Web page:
Social Study of the Practical Theologian
April 24, 2007
Am I to walk upright
April 26, 2007

In the saga of gay dating, I hardly think it prudent to advertise oneself as “experienced.” Sad though it is, experience in the gay world is tinted with a note of whore-ishness. Not to be judgmental, just to be frank. Though I’m far better at being Jeff. Sometimes.

I often fall into that undesirable category of “inexperience” while holding onto the somewhat enviable attributed of “innocence.” What is innocence? It seems to me (and I really have no idea, even still) that innocence to a gay man is the lack of sexual adventures and relationship foibles. Number them above twenty, or so many an Excel spreadsheet wouldn’t know what to do with them, and you’ve attained a high status of gay wisdom. Somehow. It never ceases to amaze me that those who have been dating longer are the ones who lecture me on the nature of gay relationships. Forgive me for saying, but if you knew what you were talking about, you wouldn’t be dating me. You would be happily committed to a single person and relatively content with the way things had turned out. Instead, you’re “teaching” me about what it’s like to be jaded, broken, brittle, fragile, undone, and ultimately cynical about any relationship that has ever existed or ever will exist. You tell me, without much sugar-coating, that this is the way it’s going to happen for me also.

But what you don’t know in your sometimes-condescending banter, is that I don’t believe a damn word that you’re saying. In fact, I find it rather insulting that you feel the need to baby me. My humility and reservation when I meet you is not due to a lack of understanding, but rather do a firm belief that everyone has something worth saying. You grossly misinterpret this as naivete, setting out on a mission of “big brothering” me into a comfortable state of cynicism. Why wait to be hurt? Take up the mantle and march with the standard. Become what every gay man already is: jaded and emotionally wrecked.

You forget, however, that I’m Jeff. You also forget that your own experience is not everyone’s. Oh, I’ll admit that many have been duped, dumped, and deserted. There’s no question. But do you think it worth anyone’s time to pretend like relationships aren’t of any value to you? Or, even worse, that every one of them is bound to be the same, regardless of the person or the time or the circumstance? Carry on with what you do. If your mantra is now the jaded gay man, then do what you want with it. It’s a waste of my time, and I won’t spend much of my time with you. There are too many great people to talk to. I don’t need to waste my time with pessimistic rants and lessons on the inherent slutiness of gay men.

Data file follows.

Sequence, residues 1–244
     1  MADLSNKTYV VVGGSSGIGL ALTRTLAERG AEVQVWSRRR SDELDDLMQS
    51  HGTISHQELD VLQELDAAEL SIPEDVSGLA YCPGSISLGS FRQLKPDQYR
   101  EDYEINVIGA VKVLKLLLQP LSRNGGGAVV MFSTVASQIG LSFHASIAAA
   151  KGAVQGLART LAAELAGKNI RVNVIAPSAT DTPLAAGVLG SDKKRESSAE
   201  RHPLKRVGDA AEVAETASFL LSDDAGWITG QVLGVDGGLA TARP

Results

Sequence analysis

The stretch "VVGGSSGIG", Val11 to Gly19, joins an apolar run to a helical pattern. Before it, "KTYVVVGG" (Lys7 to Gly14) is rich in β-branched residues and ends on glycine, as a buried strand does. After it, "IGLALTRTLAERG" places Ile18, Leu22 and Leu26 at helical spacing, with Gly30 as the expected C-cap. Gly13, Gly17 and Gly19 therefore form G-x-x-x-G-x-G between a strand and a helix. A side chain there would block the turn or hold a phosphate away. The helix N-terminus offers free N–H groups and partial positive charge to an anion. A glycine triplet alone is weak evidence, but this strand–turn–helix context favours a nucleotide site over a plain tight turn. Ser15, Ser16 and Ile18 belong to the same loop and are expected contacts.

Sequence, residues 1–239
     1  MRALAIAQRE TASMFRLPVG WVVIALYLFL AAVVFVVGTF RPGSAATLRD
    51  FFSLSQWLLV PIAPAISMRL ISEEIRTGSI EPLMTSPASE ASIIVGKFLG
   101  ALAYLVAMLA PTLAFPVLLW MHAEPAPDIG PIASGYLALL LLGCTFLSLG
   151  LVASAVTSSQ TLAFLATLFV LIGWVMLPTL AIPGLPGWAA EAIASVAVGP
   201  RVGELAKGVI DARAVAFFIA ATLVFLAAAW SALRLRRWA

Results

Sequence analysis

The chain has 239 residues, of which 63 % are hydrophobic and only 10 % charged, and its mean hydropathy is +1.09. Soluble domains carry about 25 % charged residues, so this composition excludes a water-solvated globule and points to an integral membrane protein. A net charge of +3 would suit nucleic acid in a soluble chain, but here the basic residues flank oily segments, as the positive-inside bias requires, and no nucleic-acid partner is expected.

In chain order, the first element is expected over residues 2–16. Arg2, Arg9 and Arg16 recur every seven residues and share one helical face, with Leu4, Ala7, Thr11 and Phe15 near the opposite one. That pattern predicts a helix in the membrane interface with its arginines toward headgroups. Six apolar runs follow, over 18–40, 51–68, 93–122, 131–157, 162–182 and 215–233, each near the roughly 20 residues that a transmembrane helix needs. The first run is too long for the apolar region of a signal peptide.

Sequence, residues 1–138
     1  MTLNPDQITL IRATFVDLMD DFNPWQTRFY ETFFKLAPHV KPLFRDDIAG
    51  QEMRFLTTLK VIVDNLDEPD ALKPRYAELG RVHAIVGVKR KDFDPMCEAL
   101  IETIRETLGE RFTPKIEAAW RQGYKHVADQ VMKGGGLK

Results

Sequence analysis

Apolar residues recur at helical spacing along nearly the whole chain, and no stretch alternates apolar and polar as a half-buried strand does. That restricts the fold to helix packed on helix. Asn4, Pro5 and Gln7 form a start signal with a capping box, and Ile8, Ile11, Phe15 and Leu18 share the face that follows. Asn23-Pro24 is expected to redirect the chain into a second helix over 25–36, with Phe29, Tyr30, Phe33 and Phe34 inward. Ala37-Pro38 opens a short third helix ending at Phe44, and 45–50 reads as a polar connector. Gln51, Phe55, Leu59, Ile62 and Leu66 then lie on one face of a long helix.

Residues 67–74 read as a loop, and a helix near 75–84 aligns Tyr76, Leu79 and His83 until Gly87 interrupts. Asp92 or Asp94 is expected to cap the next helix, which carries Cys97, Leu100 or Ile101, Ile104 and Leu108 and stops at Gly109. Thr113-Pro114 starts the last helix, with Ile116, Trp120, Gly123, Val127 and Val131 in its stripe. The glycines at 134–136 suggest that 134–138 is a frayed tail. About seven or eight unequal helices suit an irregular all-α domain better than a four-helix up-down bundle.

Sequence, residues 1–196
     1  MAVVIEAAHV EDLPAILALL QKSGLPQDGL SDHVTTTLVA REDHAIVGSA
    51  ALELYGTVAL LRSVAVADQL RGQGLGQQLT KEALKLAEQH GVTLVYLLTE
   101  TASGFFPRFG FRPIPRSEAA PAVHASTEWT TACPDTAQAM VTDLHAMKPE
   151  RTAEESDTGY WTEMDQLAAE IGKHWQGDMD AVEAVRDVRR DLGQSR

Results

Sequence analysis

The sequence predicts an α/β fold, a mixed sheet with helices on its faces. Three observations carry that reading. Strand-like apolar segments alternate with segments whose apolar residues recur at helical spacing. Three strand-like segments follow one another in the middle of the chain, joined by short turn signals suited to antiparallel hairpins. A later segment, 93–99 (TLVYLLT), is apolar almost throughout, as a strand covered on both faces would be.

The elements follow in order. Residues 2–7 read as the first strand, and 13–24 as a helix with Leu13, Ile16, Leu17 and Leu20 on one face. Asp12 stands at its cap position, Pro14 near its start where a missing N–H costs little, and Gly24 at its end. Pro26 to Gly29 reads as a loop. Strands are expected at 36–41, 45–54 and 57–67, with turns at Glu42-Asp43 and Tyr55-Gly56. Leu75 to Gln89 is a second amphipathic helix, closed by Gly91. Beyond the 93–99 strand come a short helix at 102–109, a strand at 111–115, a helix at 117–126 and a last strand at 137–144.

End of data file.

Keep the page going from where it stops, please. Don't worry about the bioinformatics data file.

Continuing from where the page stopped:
Sometimes, I get ragged on for guys I date. Why? They seem un-intellectual, or perhaps unable to talk with me on the same level. Perhaps they’re too cerebral and not emotionally balanced. Perhaps they’re young. But the truth is, I don’t seek out criteria like a checklist. What I look for is passion, even if inexplicable, and dreaming. I don’t care what age you are; if you possess an intense belief in something greater than yourself, you’re worth as much time as I can possibly give you. Why? Because there’s so much I can learn from you. I hope I can give you as much as you give me.

Yes, there are the long nights at the Cheesecake Factory (though it has been a while). There are wandering Friday mornings at 1am in Englewood, wondering where the lightrail goes and if it can get me home. “You went where?” I hear. “That’s all you did?” I’m asked. “For five hours?” Those are all details. But if you could listen to the conversations I have, you would know that it was all worth it. True, I didn’t end up in long relationship with all of them. But I definitely learned something—about myself, and about the world. A hundred perfect dates, fitted to a textbook, are worth nothing if I can’t come away feeling refreshed, clean, excited, and beaming with an enormous smile.

So keep your diatribes to yourself. I’m not interested. I don’t need a mentor. I don’t need a guide. I need someone I can share myself with and be bettered by. And then, share the gifts that I discover with them. I need someone who is interested in me because of me; I don’t need a protector.

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